New research published in the Journal of the National Comprehensive Cancer Network from Moffitt Cancer Center finds that telemedicine consistently outperformed in-person visits for both access to care and provider response, according to a long-term study on patient experience. Researchers analysed survey responses from 39,268 patients across more than 50,000 visits. Telemedicine experiences were compared to in-person visits during and after the height of the Covid pandemic, starting 01 April 2020, and running through 30 June 2021.
“The pandemic forced a reshuffling of precious health care resources. Providers looking after cancer patients needed innovative approaches for high-quality and timely care,” said lead researcher Krupal B. Patel, MD, from Moffitt Cancer Center. “Anecdotally, we knew from the feedback of clinical providers that our telemedicine implementation was effective and efficient. However, it was important to have surrogate outcome measures from the patients’ perspective. Patient experience surveys provided us with an opportunity to study this in more detail.”
The researchers reviewed Press Ganey survey data from 33,318 patients who had in-person visits and 5,950 patients with telemedicine visits. When it came to access to care, 62.5% of in-person visits were rated as highly satisfying, versus 75.8% for telemedicine. The corresponding rates were 84.2% in-person and 90.7% via telemedicine for high satisfaction with the response and amount of concern demonstrated by their care provider. There were no significant changes over time for either category.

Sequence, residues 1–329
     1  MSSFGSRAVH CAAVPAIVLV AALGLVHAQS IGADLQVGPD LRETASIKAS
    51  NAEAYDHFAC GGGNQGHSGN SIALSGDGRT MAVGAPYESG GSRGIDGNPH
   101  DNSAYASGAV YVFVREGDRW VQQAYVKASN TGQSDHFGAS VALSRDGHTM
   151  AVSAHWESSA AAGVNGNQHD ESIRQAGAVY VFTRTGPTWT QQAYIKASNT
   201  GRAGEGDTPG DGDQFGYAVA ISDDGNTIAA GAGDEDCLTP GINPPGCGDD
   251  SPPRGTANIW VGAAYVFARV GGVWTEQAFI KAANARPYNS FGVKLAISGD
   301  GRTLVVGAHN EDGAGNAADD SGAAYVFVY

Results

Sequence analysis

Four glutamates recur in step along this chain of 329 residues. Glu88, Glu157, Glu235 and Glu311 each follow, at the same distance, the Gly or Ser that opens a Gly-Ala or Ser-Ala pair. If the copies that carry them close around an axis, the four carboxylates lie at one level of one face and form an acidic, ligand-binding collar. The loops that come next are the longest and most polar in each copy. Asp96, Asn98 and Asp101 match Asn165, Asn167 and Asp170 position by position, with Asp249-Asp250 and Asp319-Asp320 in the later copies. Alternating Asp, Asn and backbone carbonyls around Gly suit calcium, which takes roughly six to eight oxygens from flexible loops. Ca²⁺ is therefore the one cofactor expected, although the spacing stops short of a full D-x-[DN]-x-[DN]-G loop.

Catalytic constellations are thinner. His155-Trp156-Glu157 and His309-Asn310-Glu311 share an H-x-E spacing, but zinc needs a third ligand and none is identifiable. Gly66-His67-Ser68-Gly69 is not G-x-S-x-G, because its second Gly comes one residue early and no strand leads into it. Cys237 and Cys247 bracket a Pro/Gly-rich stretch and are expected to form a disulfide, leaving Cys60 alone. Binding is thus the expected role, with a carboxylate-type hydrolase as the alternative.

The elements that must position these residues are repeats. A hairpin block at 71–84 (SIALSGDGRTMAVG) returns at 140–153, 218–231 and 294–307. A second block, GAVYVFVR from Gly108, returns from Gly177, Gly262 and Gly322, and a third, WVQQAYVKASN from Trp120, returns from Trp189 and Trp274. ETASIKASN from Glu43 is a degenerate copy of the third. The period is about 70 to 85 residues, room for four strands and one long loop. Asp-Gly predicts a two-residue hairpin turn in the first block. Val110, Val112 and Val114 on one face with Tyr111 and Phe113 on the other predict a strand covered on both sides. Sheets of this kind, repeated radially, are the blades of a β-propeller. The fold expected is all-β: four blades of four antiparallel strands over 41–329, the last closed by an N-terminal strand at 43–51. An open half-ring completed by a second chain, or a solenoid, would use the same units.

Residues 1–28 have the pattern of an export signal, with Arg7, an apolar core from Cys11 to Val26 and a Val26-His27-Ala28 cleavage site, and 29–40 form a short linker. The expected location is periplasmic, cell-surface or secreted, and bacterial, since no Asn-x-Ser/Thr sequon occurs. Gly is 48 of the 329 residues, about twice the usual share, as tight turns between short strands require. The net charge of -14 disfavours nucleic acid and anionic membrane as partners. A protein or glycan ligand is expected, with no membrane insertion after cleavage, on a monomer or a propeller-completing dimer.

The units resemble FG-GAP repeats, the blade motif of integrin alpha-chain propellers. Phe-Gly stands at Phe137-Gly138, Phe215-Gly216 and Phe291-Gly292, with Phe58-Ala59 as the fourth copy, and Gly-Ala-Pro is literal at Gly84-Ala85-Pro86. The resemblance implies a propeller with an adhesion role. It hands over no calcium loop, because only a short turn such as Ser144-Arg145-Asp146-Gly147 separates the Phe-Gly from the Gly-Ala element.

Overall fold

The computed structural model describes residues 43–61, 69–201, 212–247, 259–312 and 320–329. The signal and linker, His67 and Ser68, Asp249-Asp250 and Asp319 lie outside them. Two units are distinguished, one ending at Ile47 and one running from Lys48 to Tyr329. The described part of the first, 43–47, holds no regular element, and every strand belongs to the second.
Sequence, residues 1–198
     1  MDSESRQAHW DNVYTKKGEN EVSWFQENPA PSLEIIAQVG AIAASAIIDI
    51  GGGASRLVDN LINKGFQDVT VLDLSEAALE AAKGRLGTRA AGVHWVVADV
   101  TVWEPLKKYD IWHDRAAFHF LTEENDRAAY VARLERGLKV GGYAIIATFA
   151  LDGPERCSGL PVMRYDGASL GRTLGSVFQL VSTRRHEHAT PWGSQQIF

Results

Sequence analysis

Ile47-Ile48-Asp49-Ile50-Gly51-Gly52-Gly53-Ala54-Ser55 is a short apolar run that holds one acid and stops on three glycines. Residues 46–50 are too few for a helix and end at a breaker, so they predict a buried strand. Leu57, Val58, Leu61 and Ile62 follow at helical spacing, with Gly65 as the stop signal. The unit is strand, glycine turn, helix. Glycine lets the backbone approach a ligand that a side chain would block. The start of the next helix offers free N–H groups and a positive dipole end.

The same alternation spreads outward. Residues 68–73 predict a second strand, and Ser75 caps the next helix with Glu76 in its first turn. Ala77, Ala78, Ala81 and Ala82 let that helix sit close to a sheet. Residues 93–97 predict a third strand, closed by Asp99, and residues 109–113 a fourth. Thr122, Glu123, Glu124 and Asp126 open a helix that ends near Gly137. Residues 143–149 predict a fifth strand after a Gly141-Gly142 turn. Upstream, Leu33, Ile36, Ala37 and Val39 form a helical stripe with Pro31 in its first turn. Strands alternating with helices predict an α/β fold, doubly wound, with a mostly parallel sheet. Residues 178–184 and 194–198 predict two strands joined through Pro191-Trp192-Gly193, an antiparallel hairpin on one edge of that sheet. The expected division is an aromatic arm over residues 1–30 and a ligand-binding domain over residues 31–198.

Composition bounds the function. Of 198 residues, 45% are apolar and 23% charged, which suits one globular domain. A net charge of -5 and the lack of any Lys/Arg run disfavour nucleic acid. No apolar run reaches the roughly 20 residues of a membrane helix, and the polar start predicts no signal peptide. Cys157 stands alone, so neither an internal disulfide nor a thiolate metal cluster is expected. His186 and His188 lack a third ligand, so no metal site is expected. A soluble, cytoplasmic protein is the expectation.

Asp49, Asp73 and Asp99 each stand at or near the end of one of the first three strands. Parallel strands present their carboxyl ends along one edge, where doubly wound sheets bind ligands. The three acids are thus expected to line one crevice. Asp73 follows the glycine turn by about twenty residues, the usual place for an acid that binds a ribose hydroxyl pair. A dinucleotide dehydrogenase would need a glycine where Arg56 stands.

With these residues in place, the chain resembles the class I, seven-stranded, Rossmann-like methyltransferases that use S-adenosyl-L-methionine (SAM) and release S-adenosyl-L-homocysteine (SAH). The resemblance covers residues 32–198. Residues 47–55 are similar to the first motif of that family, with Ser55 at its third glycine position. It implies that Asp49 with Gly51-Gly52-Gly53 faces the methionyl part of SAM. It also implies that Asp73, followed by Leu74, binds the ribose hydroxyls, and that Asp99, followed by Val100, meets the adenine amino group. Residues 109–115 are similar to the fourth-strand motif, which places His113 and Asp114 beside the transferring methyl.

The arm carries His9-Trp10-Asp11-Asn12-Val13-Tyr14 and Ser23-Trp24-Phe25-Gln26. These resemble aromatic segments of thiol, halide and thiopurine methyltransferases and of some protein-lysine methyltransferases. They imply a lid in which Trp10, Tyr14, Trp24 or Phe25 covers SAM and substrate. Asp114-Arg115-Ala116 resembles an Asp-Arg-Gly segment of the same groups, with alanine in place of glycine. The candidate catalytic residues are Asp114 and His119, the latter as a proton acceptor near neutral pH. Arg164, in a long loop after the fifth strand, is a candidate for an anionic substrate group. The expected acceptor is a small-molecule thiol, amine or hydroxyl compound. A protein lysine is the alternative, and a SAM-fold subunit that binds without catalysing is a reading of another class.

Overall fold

“Telemedicine visits can be incorporated in patients’ day-to-day schedule so they can complete their appointments before or after work, or during a break. It gives them flexibility and ultimately increases access,” added senior researcher Philippe E. Spiess, MD, MS, Moffitt Cancer Center, who is also a Member of the NCCN Board of Directors, Guidelines Steering Committee, and Vice-Chair of the NCCN Guidelines Panel for Bladder/Penile Cancers. “As care providers we should be leading the discussion and advocating on our patients’ behalf for both cross-state licensing and continued reimbursements for telemedicine visits.”
“Many of our institutions were forced to adopt telemedicine visits in response to the COVID-19 pandemic. This large, retrospective study shows the patient experience was similar to, or better than, in-person visits during the study period,” commented Travis Osterman, DO, MS, FAMIA, FASCO, Associate Vice President for Research Informatics, Vanderbilt University Medical Center, a Member of the NCCN EHR Oncology Advisory Group – who was not involved in this research. “Going forward, oncology practices need to consider telemedicine as an option for appropriate patients.”
The study also references previous research into care provider perspectives on telemedicine, and the potential for reducing costs such as travel, parking, and housing arrangements. However, the researchers note that not all oncology visits should be virtual. Careful patient selection is critical to determine which patients must be seen in-person for tests and other treatments.
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